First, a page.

There is no doubt in my mind that fresh tomato and basil is the official taste of the summer. I can understand the argument for watermelon, especially as I have friends who live for Cookout's seasonal watermelon milkshake, but there is nothing that compares with some homemade bread topped with pesto and cherry tomatoes.
Our garden is currently overrun with two things: climbing squash vines on which no squash are currently growing and cherry tomato plants - Matt's Wild Cherry to be exact. I don't like killing volunteers, and anyone who has grown cherry tomatoes for more than one season knows that there are plenty of cherry tomato volunteers. I have dug up several and passed them on to family and friends, and there are still new volunteers just starting to fruit. So now, there are upwards of ten plants growing along the fence line, in the middle of corn patches and next to walkways. This means pints of cherry tomatoes are being harvested on a weekly basis, many of which have been trashed because I couldn't eat them fast enough and I was too preoccupied to take them to the Food Shuttle.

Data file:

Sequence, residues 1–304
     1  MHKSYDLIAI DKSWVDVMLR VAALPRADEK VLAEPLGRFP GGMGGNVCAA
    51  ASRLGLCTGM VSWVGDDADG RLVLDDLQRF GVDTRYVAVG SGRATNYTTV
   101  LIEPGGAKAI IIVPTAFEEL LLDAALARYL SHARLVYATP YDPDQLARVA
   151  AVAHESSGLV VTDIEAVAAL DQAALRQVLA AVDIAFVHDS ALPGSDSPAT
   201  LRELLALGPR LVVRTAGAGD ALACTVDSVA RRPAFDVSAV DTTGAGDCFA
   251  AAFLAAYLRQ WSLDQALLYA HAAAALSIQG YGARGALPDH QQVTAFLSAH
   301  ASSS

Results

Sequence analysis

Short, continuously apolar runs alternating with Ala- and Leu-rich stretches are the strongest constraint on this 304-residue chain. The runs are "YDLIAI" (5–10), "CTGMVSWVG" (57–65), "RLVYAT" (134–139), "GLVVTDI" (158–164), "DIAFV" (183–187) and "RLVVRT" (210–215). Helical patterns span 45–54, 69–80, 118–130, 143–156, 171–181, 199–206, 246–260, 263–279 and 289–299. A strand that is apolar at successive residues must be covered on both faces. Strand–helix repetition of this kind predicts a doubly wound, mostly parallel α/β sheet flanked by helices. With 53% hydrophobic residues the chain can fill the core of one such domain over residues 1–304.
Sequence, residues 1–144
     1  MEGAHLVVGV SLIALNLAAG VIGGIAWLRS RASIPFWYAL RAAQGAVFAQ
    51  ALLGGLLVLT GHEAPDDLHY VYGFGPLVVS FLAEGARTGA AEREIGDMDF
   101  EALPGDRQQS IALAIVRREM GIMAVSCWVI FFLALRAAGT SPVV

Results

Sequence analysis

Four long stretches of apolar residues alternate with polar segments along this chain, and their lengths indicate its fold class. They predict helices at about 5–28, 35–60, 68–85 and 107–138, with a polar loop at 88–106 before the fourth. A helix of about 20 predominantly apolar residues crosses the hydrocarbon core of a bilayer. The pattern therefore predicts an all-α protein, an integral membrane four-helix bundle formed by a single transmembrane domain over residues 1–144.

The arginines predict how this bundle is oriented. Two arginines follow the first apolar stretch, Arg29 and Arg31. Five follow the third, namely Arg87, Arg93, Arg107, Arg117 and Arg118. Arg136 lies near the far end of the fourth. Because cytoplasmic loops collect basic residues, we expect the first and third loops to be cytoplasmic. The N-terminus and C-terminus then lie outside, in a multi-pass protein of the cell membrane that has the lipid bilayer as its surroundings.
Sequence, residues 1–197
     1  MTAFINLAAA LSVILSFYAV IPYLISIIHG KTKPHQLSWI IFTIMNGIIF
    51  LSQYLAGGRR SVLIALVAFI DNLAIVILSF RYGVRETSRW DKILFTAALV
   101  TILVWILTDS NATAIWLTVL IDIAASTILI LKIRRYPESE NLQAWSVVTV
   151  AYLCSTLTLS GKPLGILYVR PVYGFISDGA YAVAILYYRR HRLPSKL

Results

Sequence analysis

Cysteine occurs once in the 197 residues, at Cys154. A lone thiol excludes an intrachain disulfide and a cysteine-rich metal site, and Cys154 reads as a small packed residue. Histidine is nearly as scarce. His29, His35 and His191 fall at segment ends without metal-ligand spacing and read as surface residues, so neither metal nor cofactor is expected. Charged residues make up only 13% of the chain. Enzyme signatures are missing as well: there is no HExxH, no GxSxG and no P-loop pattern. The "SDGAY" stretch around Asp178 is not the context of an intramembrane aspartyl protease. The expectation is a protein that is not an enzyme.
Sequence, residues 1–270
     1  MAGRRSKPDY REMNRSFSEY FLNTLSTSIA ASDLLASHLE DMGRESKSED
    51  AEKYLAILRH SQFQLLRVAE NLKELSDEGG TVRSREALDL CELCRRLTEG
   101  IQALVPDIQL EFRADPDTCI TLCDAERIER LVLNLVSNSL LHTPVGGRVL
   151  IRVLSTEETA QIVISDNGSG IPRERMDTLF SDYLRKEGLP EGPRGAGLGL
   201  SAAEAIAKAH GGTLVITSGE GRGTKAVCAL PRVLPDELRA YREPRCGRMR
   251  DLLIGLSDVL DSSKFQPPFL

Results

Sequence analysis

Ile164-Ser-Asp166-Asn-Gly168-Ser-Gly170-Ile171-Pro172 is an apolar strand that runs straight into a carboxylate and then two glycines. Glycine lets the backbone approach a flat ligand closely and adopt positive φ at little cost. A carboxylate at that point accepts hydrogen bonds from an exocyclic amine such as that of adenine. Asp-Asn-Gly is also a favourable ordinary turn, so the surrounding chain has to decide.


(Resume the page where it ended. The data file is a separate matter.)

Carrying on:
In my first attempt to get sun dried tomatoes in the the oven, I sliced them open, put them in a pan of oil and heated them on warm. The seeds and juice spilled out everywhere creating a gooey mess that in my opinion tasted worse for the wear. A twitter friend mentioned that it the oven was too hot, the tomatoes would become candied implying this was a bad thing, which it probably is if you want them to taste sun dried. However, "candied tomatoes" intrigued me. I decided to give it another go, this time not cutting the tomatoes and opting to leave them whole. I punched up the temperature to 250F, drizzled the pan of tomatoes with a shallow layer of olive oil so that the entire pan was covered, sprinkled on garlic salt and rolled the tomatoes around. I let them bake for several hours, constantly doing taste tests, making sure they didn't stick and replenish the oil when needed. I even had to leave the house for an errand, so I turned off the oven and continued the process later. I also played around with the temperature seeing at what point they sizzled (this was about 265F). A little sizzle is good, so I let them sizzle for a bit too, making sure they didn't burn.
The oil tasted so amazing with the tomato juices baked in that I wanted to make sure there was enough that it could be used for dipping as well as covering the tomatoes when stored in a jar. I didn't want to add more oil at the end of the process since the flavor wasn't nearly as good. Once the skins were translucent and slightly crispy, the tomatoes tasted amazing - as did the oil.
If you are planning on doing this, know that as long as you don't burn the oil or tomatoes, and as long as you don't rupture the skins messing with them too much, you really can't go wrong. One other blogger suggested adding other herbs and even sugar during the process, but I found the tomatoes to be plenty sweet on their own.